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(Redirected from Mitcham, London, England)


OS Grid Reference:Template:Gbmappingsmall
County:Greater London
Region:Greater London
Ceremonial County:Greater London
Traditional County:Surrey
Post Office and Telephone
Post town:MITCHAM
Dialling Code:020

Mitcham is now a town in the London Borough of Merton in south London. Historically, Mitcham was a town in the north of Surrey.



Situated south of Central London (UK), nine miles south if credence is given to the 18th-century milestone on Figges Marsh, between the towns of Croydon and Morden. The River Wandle bounds the town to the southwest. The original village lies in the west, although expansion has pushed the eastern boundary the furthest. The common takes up the greater part of the boundary and area to the south. Mitcham has never been well serviced by railway, due to it being equidistant between the historic lines of Waterloo to Southampton and London Bridge to Brighton.


The name Mitcham is Anglo-Saxon in origin and is believed to mean big settlement. Even before the Romans and Saxons were present, there was a Celtic settlement in the area, with evidence of a fort being located in the Pollards Hill area.

The discovery of Roman-era graves and a well on the site of the Mitcham gas works evince Roman settlement.

The Saxon graveyard, located on the North bank of the Wandle is the largest discovered to date, and many of the finds therein are on display in the British Museum. The area is a possible location for the Battle of Merton, 871, in which King Ethelred of Wessex was either mortally wounded or killed outright.

The parish church of St Peter and St Paul dates back to the Saxon era. Although it was mostly rebuilt in 18191821, the current building still incorporates the original Saxon tower.

Mitcham was listed in the Domesday Book as a small farming community, with 250 people living in two hamlets; Mitcham, an area known today as Upper Mitcham; and Whitford, today known as the Lower Green area.

During her reign Queen Elizabeth I made at least five visits to the area. John Dunne and Sir Walter Raleigh also had residences here in this era.

When industrialisation occurred, Mitcham quickly grew to become a town, and most of the farms were swallowed up in the expansion. Remnants of this farming history today include: Mitcham Common itself; Arthur's Pond, sited on the corner of Watney's Road and Commonside East, and named for a local farmer; Alfred Mizen School, named after a local nursery man who was very charitable towards the burgeoning town; and the road New Barnes Avenue, which was named after the farm that stood on that site.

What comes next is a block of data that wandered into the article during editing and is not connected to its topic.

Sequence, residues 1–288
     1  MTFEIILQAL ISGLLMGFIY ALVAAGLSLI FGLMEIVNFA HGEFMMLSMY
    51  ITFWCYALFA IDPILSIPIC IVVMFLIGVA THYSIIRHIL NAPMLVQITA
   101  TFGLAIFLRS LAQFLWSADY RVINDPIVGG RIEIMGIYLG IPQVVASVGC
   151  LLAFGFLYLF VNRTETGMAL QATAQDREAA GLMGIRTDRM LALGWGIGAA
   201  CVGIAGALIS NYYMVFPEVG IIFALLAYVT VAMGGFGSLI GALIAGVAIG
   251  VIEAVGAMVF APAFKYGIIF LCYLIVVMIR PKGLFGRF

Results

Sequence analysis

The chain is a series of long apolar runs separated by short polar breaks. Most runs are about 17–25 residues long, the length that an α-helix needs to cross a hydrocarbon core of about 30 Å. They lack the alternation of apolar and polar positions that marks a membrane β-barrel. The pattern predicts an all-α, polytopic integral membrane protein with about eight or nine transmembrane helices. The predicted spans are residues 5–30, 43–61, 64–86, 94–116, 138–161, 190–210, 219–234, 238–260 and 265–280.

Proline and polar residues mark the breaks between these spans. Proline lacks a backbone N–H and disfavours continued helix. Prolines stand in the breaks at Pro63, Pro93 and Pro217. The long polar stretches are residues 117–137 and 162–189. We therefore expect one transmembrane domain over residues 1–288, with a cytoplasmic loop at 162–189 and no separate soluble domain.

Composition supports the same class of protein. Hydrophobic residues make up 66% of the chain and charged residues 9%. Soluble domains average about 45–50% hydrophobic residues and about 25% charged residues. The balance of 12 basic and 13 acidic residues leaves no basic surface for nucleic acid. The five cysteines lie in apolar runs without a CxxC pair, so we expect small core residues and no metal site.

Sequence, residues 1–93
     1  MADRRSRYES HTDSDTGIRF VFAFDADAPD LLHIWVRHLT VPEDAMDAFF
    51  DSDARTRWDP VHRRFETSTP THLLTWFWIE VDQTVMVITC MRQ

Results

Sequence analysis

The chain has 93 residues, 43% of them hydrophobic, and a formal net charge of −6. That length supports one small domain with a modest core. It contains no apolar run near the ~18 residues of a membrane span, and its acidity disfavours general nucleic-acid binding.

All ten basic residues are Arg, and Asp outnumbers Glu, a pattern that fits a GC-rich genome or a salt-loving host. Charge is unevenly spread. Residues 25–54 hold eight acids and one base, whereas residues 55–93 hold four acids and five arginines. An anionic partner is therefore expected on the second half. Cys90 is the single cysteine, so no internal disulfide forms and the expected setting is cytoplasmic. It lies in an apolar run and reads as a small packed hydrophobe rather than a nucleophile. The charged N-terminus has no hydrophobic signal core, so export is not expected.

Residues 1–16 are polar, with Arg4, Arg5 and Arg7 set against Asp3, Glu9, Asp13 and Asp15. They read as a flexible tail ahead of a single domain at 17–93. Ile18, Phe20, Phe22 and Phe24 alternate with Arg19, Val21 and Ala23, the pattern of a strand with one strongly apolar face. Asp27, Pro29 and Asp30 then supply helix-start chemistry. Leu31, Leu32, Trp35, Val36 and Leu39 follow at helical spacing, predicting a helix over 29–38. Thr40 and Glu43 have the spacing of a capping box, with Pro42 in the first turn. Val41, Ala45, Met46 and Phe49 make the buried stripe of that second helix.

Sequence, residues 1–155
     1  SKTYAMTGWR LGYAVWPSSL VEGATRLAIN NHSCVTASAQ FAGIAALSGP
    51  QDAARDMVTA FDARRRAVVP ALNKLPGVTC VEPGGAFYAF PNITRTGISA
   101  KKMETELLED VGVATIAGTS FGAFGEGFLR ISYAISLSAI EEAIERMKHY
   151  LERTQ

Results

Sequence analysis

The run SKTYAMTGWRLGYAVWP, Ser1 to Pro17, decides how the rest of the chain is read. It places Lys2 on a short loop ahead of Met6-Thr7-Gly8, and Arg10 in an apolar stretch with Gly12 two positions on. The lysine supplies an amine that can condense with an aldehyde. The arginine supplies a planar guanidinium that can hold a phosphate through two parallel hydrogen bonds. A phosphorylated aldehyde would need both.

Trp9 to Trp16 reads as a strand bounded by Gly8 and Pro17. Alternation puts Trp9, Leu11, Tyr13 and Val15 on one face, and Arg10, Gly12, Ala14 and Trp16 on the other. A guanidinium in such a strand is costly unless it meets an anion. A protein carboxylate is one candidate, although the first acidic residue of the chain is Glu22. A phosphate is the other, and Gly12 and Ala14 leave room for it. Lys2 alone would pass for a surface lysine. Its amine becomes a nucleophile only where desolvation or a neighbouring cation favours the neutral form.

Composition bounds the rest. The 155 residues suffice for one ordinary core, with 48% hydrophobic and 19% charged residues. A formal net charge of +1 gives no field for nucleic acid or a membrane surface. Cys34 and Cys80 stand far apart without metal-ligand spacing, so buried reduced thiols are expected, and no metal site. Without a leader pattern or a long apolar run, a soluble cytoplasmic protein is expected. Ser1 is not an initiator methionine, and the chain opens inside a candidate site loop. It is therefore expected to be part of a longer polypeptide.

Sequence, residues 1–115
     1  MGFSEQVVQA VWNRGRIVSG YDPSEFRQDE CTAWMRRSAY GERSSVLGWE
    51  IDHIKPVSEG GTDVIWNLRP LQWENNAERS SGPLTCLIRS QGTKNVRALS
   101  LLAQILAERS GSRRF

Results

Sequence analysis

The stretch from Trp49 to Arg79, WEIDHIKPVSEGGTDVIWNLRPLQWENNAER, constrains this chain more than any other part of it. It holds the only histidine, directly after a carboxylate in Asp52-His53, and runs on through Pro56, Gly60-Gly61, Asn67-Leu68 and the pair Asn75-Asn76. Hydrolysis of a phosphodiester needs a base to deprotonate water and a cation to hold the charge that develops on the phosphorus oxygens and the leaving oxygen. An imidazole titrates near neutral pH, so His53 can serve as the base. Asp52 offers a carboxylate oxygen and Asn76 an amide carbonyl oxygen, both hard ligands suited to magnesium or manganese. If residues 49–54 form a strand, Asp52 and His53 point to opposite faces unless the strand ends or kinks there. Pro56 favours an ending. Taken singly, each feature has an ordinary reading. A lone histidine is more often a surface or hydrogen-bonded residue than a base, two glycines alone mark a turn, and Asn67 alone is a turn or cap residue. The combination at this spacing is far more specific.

The industrialisation of Mitcham occurred first along the banks of the Wandle, where snuff, copper, flour, iron and dye were all worked. Mitcham, along with nearby Merton Abbey, became the calico cloth printing centres of England by 1750. Peppermint and lavender oils were also distilled, and Mitcham became home to many lavender fields, an association reflected today in Merton Council's Coat of Arms and the badge of the local football team, Tooting & Mitcham United F.C., as well as the name of a local council ward, Lavender Field.

The activity along the Wandle led to the construction of the Surrey Iron Railway, the world's first public railway. The collapse of the railway in the 1830s also heralded a change in industry, as horticulture gradually gave way to manufacturing, with paint, varnish, linoleum and firework manufacturers moving into the area. The work provided and migratory patterns eventually resulted in a doubling of the population between the years 1900 and 1910.

This industry made Mitcham a target for German bombing during World War II. During this time Mitcham also returned to its agricultural roots, with Mitcham Common being farmed to help with the war effort.

Post war, the areas of Eastfields, Phipps Bridge and Pollards Hill were rebuilt to provide social housing.

Mitcham became part of the London Borough of Merton in 1965, an effect of The London Government Act 1963, and this led to further expansion of the housing estates in Eastfields, Phipps Bridge and Pollards Hill.

Mitcham lays reasonable, although not definitive, claim to having the world's oldest cricket ground in continual use. The ground is also notable for having a road separate the pavilion from the pitch.

Local folklore also claims Mitcham has the oldest fair in England, believing it to have been granted a charter by Queen Elizabeth I, although this claim has not been proven.


Mitcham is part of the Mitcham and Morden parliamentary constituency, as of 2005 a safe Labour seat.

Notable Buildings

  • The Canons, built in 1680 and now home to Merton Heritage Centre (
  • Eagle House, built in 1705.
  • Mitcham Common Windmill (, a post mill dating from 1806.
  • Old Mitcham Station. Now called Station Court, the building was a former merchant's home and is possibly the oldest station in the world.
  • The Tate Almshouses, built in 1829 to provide for the poor by Miss Tate.
  • The Watermead Fishing Cottages, now maintained by the National Trust.
  • Vestry Hall, the annex of which now houses the Wandle Industrial Museum (

Nearest places

Nearest stations

External links



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